Commercial oligonucleotide primers were used for the amplification of the 16S rRNA and hlyA genes in PCR as previously described (14). The amplification process for the DNA of 16S rRNA and hlyA genes was performed as previously described (14), through universal and hlyA primers, 27F (5’-AGAGTTTGATCMTGGCTCAG-3’), 1492R (5’-GGYTACCTTGTTACGACTT-3’), hlyA-F (5’-GCAGTTGCAAGCGCTTGGAGTGAA-3’) and hlyA-R (5’-GCAACGTATCCTCC AGAGTGATCG-3’), respectively [14]. Amplifications were performed via a thermal cycler (Turbocycler 2, Blueray) under the following conditions: for the 16srRNA gene:initial denaturation at 94 °C (5 min), 30 cycles of denaturation at 94 °C (1 min), annealing at 60 °C (1 min and 30 s), extension at 72 °C (1 min), and final extension at 72 °C (5 min); for hlyA gene: initial denaturation at 95 °C (2 min), 35 cycles of denaturation at 95 °C (15 s), annealing at 60 °C (30 s), extension at 72 °C (1 min 30 s), and final extension at 72 °C (10 min) [14].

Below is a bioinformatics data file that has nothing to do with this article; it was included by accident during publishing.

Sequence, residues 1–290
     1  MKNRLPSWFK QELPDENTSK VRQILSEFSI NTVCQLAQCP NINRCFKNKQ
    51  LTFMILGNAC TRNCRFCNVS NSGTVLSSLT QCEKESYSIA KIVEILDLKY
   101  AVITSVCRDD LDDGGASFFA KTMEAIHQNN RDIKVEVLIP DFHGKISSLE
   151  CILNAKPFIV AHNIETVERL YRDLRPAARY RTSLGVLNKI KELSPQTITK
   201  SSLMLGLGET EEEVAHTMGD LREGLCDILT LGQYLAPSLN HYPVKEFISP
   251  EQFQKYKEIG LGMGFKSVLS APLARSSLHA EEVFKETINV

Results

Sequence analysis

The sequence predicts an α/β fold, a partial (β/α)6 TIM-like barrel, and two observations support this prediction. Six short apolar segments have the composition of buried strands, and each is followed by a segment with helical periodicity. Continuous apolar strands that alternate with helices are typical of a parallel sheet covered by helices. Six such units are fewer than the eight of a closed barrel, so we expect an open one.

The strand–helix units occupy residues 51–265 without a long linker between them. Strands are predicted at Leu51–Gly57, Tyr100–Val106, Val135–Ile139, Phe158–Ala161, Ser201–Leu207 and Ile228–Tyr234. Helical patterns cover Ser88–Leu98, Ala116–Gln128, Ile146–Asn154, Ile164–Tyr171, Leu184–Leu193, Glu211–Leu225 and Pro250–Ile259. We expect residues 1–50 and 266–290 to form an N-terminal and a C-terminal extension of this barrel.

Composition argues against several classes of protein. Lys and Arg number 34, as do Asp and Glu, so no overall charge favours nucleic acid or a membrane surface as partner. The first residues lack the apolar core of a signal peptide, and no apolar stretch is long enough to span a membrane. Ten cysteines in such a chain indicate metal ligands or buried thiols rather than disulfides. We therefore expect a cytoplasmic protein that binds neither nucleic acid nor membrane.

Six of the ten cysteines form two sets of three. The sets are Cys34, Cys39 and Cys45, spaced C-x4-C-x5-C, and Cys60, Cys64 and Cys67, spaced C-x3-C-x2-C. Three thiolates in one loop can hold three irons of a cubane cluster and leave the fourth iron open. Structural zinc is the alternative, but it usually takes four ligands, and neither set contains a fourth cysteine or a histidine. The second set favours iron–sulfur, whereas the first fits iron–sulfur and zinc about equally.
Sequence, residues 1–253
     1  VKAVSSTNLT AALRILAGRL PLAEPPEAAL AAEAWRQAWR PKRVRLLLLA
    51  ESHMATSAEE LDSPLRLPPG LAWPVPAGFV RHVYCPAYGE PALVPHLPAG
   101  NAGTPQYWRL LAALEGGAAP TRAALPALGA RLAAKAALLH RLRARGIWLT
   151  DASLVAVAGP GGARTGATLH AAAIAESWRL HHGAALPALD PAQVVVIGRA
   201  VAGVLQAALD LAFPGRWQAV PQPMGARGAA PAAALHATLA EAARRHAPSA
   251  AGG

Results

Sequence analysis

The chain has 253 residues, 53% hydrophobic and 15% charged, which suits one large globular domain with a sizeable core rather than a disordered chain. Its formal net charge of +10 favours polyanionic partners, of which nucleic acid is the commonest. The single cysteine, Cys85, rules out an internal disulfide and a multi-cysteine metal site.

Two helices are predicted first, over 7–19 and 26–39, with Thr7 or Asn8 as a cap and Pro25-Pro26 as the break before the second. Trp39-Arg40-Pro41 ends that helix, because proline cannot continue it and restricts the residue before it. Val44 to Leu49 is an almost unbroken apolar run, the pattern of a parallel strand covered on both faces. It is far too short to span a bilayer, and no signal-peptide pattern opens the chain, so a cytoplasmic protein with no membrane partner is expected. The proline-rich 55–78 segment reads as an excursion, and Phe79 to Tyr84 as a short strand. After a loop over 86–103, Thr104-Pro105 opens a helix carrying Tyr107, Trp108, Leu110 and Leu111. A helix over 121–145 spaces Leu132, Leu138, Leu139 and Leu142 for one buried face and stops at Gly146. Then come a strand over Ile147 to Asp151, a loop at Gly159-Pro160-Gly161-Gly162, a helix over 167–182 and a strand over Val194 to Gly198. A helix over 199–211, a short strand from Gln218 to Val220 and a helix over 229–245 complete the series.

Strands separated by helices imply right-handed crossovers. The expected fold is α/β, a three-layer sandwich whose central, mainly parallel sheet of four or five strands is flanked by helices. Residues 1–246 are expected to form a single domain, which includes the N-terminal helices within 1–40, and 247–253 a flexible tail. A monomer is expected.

The PCR reagents were prepared for each gene using the NXT Taq PCR Kit Protocol. The reaction mix of 10µL contained 5 µL of NXT Taq PCR Master Mix(2x), 1 µL of 10X Loading Colour Buffer, 0.25 µL of each of primers, 1 µL of DNA template, and 2.5 µL nuclease free water.

The reaction mixture without DNA was used as negative control for each experiment. The amplicons with Novel Juice (GeneDirex, Inc, Germany) was runin 1.5% agarose gel. Gene Ruler 100 bp DNA ladder (SM0241, Thermo Scientific) and Gene Ruler 100 bp plus DNA ladder (SM0321, Thermo Scientific) were used in electrophoresis. The amplicons were visualised using an UV transilluminator (E-Box, Vilber).